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Friday, Oct.27th/28th--One short film, and one feature: all times E.S.T.:

11:33 a.m. "Nostradamus IV" (1944)--"Nostradamus predicts the fate of dictators Mussolini and Hitler." (TCM's description).

Midnight. "The Champagne Murders" (1967)--Anthony Perkins film that sounds interesting. Click on the title on the online schedule, then click "Other Reviews", and read the New York Times review. Not a "don't go" or "must see" review, but somewhere in between.

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This is a little early, but I notice that TCM is showing both House of Dark Shadows and Night of Dark Shadows this Saturday from 4:15 PM ET to 8:00 PM ET. I bring this up because I saw an ad yesterday stating that the Decades channel will be showing a two-day marathon of the original Dark Shadows TV show. Fans of Barnabas Collins have a lot to enjoy.

I recommend The Brood (1979) on TCM Underground Saturday night at 2:00 AM. David Cronenberg directs Oliver Reed as a fringe therapist whose counseling causes Samantha Eggar to give birth to "rage babies" that go on killing sprees. Canadians make the wackiest comedies!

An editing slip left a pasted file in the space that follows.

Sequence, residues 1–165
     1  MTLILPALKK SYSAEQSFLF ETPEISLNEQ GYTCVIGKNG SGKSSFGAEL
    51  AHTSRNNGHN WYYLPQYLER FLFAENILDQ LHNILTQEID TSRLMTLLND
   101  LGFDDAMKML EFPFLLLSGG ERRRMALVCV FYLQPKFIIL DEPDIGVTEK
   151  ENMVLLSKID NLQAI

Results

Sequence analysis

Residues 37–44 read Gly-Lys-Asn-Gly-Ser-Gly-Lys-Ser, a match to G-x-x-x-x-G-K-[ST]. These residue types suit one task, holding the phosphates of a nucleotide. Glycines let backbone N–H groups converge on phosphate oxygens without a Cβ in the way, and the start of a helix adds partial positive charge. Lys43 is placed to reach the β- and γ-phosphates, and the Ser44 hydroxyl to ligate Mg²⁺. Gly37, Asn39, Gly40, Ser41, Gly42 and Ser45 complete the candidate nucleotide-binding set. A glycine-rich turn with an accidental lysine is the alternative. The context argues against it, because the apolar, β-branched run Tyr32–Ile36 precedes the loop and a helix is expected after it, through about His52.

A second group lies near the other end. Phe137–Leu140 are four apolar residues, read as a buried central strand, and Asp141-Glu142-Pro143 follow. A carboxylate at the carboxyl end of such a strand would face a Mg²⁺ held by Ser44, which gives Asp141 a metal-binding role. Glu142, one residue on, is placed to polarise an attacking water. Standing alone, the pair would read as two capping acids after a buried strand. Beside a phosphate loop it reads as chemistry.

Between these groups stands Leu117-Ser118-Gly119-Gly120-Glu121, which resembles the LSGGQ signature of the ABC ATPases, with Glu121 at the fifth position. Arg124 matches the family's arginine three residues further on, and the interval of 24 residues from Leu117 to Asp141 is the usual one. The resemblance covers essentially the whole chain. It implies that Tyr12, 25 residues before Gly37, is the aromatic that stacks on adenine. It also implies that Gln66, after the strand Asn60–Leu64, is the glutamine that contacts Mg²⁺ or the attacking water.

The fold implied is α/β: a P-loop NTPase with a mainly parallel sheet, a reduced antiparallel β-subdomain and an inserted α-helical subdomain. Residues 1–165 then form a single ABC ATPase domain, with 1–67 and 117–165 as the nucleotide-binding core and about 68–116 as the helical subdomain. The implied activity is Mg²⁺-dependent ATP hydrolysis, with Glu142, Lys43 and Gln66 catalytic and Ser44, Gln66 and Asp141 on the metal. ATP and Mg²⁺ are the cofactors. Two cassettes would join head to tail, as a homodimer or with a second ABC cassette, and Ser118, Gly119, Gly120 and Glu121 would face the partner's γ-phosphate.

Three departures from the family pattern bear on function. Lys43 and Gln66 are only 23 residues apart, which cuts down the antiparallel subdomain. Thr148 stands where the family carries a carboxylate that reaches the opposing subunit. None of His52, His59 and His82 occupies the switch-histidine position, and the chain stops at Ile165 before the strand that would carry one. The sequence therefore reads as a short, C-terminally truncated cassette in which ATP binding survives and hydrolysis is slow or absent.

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59 minutes ago, film lover 293 said:

Friday, Oct.27th/28th--One short film, and one feature: all times E.S.T.:

11:33 a.m. "Nostradamus IV" (1944)--"Nostradamus predicts the fate of dictators Mussolini and Hitler." (TCM's description).

Basically wartime propaganda, ie. "Don't worry, he also predicted they'd be defeated, and he was never wrong!"

For further reading, check out James Randi's The Mask of Nostradamus, where he not only debunks most of the "prophecy" interpretations by believers as just plain boneheadedly wrong, but also analyzes them from the real-life biographical perspective that, since Nostradamus's family were Jews that had "converted" to Catholicism to avoid persecution, he may have been sending coded news bulletins and motivation to his fellow persecuted 15th-cty. French Protestant underground...

Randi was a pretty darn good skeptic, before he ruined it by coming Out.

51 minutes ago, LawrenceA said:

LawrenceA

I recommend The Brood (1979) on TCM Underground Saturday night at 2:00 AM. David Cronenberg directs Oliver Reed as a fringe therapist whose counseling causes Samantha Eggar to give birth to "rage babies" that go on killing sprees. Canadians make the wackiest comedies!

I NEVER laugh at pre-Scanners Cronenberg.  (Or at least Cronenberg just up to and including "Dead Ringers", and yes, even the goofy "Friday the 13th: the Series" episode.)

Even "They Came From Within", as 70's-icky as it is on the backwaters of Amazon Prime, has a sneaky 70's-hi-rise singles metaphor for its day.